Free, publicly-accessible full text available April 1, 2023
  5. We study the long-term evolution of the global structure of axisymmetric accretion flows onto a black hole (BH) at rates substantially higher than the Eddington value (Mdot,Edd)performing two-dimensional hydrodynamical simulations with and without radiative diffusion. In the high-accretion optically-thick limit, where the radiation energy is efficiently trapped within the inflow, the accretion flow becomes adiabatic and comprises of turbulent gas in the equatorial region and strong bipolar outflows. As a result, the mass inflow rate decreases toward the center as Mdot,in∝r_p with p∼0.5−0.7 and a small fraction of the inflowing gas feeds the nuclear BH. Thus, super-Eddington accretion is sustained only when a larger amount of gas is supplied from larger radii at >100−1000 Mdot, Edd. The global structure of the flow settles down to a quasi-steady state in millions of the orbital timescale at the BH event horizon, which is >10−100 times longer than that addressed in previous (magneto-)RHD simulation studies. Energy transport via radiative diffusion accelerates the outflow near the poles in the inner region but does not change the overall properties of the accretion flow compared to the cases without diffusion. Based on our simulation results, we provide a mechanical feedback model for super-Eddington accreting BHs. Thismore »can be applied as a sub-grid model in large-scale cosmological simulations that do not sufficiently resolve galactic nuclei, and to the formation of the heaviest gravitational-wave sources via accretion in dense environments.« less
    Free, publicly-accessible full text available March 1, 2023
  6. Abstract Stellar-mass BHs (sBHs) are predicted to be embedded in active galactic nucleus (AGN) disks owing to gravitational drag and in situ star formation. However, we find that, due to a high gas density in an AGN disk environment, compact objects may rapidly grow to intermediate-mass BHs and deplete matter from the AGN disk unless accretion is suppressed by some feedback process(es). These consequences are inconsistent with AGN observations and the dynamics of the Galactic center. Here we consider mechanical feedback mechanisms for the reduction of gas accretion. Rapidly accreting sBHs launch winds and/or jets via the Blandford–Znajek mechanism, which produce high-pressure shocks and cocoons. Such a shock and cocoon can spread laterally in the plane of the disk, eject the outer regions of a circum-sBH disk (CsBD), and puncture a hole in the AGN disk with horizontal size comparable to the disk scale height. Since the depletion timescale of the bound CsBD is much shorter than the resupply timescale of gas to the sBH, the time-averaged accretion rate onto sBHs is reduced by this process by a factor of ∼10–100. This feedback mechanism can therefore help alleviate the sBH overgrowth and AGN disk depletion problems. On the other hand,more »we find that cocoons of jets can unbind a large fraction of the gas accreting in the disks of less massive supermassive BHs (SMBHs), which may help explain the dearth of high-Eddington-ratio AGNs with SMBH mass ≲ 10 5 M ⊙ .« less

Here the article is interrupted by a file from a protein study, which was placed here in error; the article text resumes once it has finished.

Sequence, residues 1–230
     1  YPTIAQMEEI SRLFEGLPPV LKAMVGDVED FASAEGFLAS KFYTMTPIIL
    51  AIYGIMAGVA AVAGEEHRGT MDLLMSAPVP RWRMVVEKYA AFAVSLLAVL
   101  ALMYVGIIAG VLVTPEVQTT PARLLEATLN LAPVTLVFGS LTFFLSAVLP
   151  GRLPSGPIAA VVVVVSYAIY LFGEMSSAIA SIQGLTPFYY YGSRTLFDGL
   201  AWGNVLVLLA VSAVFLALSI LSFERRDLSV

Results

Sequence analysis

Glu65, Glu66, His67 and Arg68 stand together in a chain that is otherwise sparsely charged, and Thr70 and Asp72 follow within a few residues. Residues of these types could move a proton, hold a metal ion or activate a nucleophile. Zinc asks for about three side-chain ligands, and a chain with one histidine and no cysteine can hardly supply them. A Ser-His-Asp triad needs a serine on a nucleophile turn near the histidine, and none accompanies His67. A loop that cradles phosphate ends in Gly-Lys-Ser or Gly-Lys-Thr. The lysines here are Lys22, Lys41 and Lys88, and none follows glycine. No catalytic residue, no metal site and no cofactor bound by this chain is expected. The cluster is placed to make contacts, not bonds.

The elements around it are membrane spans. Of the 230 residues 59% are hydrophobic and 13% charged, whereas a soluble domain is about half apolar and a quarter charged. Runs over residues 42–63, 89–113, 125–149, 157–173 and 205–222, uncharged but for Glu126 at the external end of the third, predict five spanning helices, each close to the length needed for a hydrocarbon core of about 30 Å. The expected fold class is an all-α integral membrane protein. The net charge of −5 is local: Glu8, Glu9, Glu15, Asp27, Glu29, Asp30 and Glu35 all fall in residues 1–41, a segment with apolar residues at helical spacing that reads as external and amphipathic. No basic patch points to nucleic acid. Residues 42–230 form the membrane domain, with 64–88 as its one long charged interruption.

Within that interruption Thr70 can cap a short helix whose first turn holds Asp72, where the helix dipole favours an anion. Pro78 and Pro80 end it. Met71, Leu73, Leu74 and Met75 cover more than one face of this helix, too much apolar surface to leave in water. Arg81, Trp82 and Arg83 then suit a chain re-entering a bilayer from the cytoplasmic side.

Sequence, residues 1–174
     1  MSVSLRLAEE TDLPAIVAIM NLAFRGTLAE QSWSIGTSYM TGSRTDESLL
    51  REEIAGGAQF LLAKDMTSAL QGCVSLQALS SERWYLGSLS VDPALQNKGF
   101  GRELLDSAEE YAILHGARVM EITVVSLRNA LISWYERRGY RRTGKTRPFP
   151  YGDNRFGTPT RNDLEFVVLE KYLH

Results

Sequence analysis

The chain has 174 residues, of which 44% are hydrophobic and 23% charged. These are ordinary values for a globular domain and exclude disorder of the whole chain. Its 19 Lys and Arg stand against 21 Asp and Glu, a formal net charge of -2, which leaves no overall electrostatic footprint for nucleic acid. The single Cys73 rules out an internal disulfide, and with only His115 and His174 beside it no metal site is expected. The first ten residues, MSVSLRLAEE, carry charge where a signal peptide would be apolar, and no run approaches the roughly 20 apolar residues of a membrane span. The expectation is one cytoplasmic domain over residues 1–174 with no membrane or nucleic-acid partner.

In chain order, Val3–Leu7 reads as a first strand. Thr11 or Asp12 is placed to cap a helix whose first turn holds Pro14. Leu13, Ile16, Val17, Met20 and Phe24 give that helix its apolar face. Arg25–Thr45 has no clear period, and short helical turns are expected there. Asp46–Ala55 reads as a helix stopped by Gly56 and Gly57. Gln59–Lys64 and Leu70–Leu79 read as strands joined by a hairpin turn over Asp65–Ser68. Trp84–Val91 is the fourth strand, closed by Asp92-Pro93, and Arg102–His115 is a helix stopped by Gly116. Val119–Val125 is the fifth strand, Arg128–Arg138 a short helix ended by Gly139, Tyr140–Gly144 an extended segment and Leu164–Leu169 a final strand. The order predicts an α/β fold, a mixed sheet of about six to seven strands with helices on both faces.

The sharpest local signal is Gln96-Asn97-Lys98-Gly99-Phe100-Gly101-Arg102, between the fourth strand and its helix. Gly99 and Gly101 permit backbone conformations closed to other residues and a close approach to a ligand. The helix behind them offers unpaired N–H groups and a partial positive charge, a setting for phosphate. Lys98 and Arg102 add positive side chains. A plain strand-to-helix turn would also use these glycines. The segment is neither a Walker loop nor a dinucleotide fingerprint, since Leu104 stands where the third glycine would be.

Free, publicly-accessible full text available March 1, 2023
  7. ABSTRACT Recent gravitational wave (GW) observations by LIGO/Virgo show evidence for hierarchical mergers, where the merging BHs are the remnants of previous BH merger events. These events may carry important clues about the astrophysical host environments of the GW sources. In this paper, we present the distributions of the effective spin parameter (χeff), the precession spin parameter (χp), and the chirp mass (mchirp) expected in hierarchical mergers. Under a wide range of assumptions, hierarchical mergers produce (i) a monotonic increase of the average of the typical total spin for merging binaries, which we characterize with $\scriptstyle{{\bar{\chi }}_\mathrm{typ}\equiv \overline{(\chi _\mathrm{eff}^2+\chi _\mathrm{p}^2)^{1/2}}}$, up to roughly the maximum mchirp among first-generation (1g) BHs, and (ii) a plateau at ${\bar{\chi }}_\mathrm{typ}\sim 0.6$ at higher mchirp. We suggest that the maximum mass and typical spin magnitudes for 1g BHs can be estimated from ${\bar{\chi }}_\mathrm{typ}$ as a function of mchirp. The GW data observed in LIGO/Virgo O1–O3a prefers an increase in ${\bar{\chi }}_\mathrm{typ}$ at low mchirp, which is consistent with the growth of the BH spin magnitude by hierarchical mergers at ∼2σ confidence. A Bayesian analysis using the χeff, χp, and mchirp distributions suggests that 1g BHs have the maximum mass of ∼15–$30\, {\rm M}_\odot$more »if the majority of mergers are of high-generation BHs (not among 1g–1g BHs), which is consistent with mergers in active galactic nucleus discs and/or nuclear star clusters, while if mergers mainly originate from globular clusters, 1g BHs are favoured to have non-zero spin magnitudes of ∼0.3. We also forecast that signatures for hierarchical mergers in the ${\bar{\chi }}_\mathrm{typ}$ distribution can be confidently recovered once the number of GW events increases to ≳ O(100).« less
  8. ABSTRACT The Legacy Survey of Space and Time (LSST) by the Vera C. Rubin Observatory is expected to discover tens of millions of quasars. A significant fraction of these could be powered by coalescing massive black hole (MBH) binaries, since many quasars are believed to be triggered by mergers. We show that under plausible assumptions about the luminosity functions, lifetimes, and binary fractions of quasars, we expect the full LSST quasar catalogue to contain between 20 and 100 million compact MBH binaries with masses M = 105–9M⊙, redshifts z = 0–6, and orbital periods P = 1–70 d. Their light-curves are expected to be distinctly periodic, which can be confidently distinguished from stochastic red-noise variability, because LSST will cover dozens, or even hundreds of cycles. A very small subset of 10–150 ultracompact (P ≲ 1 d) binary quasars among these will, over ∼5–15 yr, evolve into the mHz gravitational-wave frequency band and can be detected by LISA. They can therefore be regarded as ‘LISA verification binaries’, analogous to short-period Galactic compact-object binaries. The practical question is how to find these handful of ‘needles in the haystack’ among the large number of quasars: this will likely require a tailored co-adding analysis optimized for thismore »purpose.« less